After a hectic day it can be so easy to get into bed and quickly drift to sleep. A couple of hours later you may find yourself awake and not recalling anything that happened during your shut eye. On a different day you may get into bed and toss and turn until you hear the morning birds chirping. Clearly, sleep, which is seemingly a no-brainer, takes more than just closing your eyes and intending to open them after a while.
Does the sleeping brain think?
Sleep has been a fascinating subject for scientists for many years. The existence of paradoxical sleep which is associated with high brain activity has poked a hole in the theory of the inactive sleeping brain.
This is where the autonomic nervous system comes in
The autonomic nervous system (ANS) regulates most of the unconscious homeostatic events in the human body such as sleep.
Cells involved in regulating autonomic function and sleep use similar neurotransmitters such as norepinephrine and acetylcholine that promote wakefulness. Hypocretin (orexin) neurons send signals to both sleep and autonomic nuclei. Orexin has also been implicated in autonomic changes that are prominent in narcolepsy patients.
When drifting from a state of wakefulness to drowsiness and finally plunging into deep sleep two changes occur in the CNS; the parasympathetic vagal tone increases while the sympathetic tone decreases. There is a gradual increase in parasympathetic activity as sleep progresses from non-REM to deeper levels of non-Rem sleep. The reduction in BP is estimated to be between 10%- 20% and this is commonly referred to as dipping. This causes a simultaneous reduction in heart rate and blood pressure. At the same time, sympathetic activity decreases resulting in a state of regular respiration. Consequently, the non-REM phase of sleep is dominated by parasympathetic activity which is associated with autonomic stability and metabolic recovery.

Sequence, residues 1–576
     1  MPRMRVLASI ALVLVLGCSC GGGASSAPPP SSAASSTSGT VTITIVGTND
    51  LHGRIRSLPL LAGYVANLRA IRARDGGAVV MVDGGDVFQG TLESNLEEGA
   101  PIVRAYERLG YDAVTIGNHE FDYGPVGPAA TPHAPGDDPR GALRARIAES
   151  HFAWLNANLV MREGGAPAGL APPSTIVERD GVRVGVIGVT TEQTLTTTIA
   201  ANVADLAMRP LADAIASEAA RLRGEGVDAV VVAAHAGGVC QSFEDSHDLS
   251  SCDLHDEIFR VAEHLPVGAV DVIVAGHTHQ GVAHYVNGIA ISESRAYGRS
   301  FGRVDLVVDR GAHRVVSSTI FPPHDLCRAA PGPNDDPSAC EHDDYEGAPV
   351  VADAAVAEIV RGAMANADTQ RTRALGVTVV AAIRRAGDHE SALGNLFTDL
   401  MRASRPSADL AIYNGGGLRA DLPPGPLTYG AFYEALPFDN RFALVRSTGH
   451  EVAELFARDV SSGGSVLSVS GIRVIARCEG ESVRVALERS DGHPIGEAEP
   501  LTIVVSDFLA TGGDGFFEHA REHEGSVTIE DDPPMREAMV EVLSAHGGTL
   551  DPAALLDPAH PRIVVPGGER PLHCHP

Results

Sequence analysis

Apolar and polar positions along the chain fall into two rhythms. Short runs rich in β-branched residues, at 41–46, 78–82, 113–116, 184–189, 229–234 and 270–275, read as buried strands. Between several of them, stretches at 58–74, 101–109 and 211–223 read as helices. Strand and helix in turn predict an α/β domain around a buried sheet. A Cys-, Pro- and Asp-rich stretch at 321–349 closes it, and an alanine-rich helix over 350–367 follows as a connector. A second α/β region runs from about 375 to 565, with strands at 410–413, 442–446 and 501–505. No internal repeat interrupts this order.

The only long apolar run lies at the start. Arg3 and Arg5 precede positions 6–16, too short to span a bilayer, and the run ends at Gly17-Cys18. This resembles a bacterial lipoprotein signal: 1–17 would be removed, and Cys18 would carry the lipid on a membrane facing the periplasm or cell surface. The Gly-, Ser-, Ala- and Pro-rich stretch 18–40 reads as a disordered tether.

The reverse happens during phasic REM sleep which is associated with rapid eye movements and vivid dreams. Sympathetic activity peaks and heart rate and blood pressure may fluctuate dramatically.
This panel will shed light on the link between the autonomic nervous system and sleep and the ramifications in autonomic and sleep disorders
After a hectic day it can be so easy to get into bed and quickly drift to sleep. A couple of hours later you may find yourself awake and not recalling anything that happened during your shut eye. On a different day you may get into bed and toss and turn until you hear the morning birds chirping. Clearly, sleep, which is seemingly a no-brainer, takes more than just closing your eyes and intending to open them after a while. Does
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